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Less ice in Antarctica than ever

2023-03-02T11:17:16.526Z


The South Pole is currently missing about a million square kilometers of ice cover. The minimum from the previous year was thus undershot once again.


Enlarge image

Larsen Ice Shelf in Antarctica: If the sea ice continues to shrink, unimaginable masses of water could be released

Photo: Mario Tama/Getty Images

The extent of sea ice in Antarctica has again reached a record minimum.

Satellite data showed that around February 19, 2023, only an area of ​​around two million square kilometers of the Southern Ocean was covered by sea ice, said Lars Kaleschke, sea ice expert at the Alfred Wegener Institute (AWI) in Bremerhaven.

That's roughly the size of Mexico.

The previous minimum of February 24, 2022 (2.27 million square kilometers) has now again been undercut.

Annual sea ice coverage in Antarctica peaks in September or October and troughs in February.

According to the AWI, the long-term average at maximum expansion is up to 20 million square kilometers.

It usually shrinks to around three million square kilometers.

Antarctica is particularly important for the climate

It is still unclear whether the negative record values ​​​​in 2022 and 2023 heralded a statistically significant trend, said Kaleschke.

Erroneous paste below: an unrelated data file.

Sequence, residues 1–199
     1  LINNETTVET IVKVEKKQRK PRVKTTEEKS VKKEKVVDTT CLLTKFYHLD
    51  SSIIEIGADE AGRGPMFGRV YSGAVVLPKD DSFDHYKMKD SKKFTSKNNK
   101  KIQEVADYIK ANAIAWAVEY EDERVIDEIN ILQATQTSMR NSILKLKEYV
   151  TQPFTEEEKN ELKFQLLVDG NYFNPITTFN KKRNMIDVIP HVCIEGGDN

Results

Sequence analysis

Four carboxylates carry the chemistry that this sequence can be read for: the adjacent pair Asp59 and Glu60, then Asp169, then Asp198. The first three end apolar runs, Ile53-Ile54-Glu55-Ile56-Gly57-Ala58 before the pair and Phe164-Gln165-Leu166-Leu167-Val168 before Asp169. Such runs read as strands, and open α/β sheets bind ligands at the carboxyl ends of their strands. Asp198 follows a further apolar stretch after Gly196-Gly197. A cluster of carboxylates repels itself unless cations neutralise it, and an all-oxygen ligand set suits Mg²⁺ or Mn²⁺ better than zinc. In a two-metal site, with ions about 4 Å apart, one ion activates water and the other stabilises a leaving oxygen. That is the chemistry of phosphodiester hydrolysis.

This requires further data from the coming years.

However, the development largely goes hand in hand with what scientists have calculated for Antarctica using climate models.

Antarctica has an even stronger influence on the global climate than the Arctic, so the changes there are particularly relevant, according to Kaleschke.

If climate change continues unabated, there is a risk that the ice shelf in Antarctica will melt.

Researchers warn that "unimaginable amounts of water" would be released as a result.

There were already indications that the sea ice would again decrease sharply this year.

A week and a half ago, the lowest level since measurements began in 1979 was 2.2 million square kilometers.

As expected, the decline continued thereafter.

koe/dpa

Source: spiegel

All tech articles on 2023-03-02

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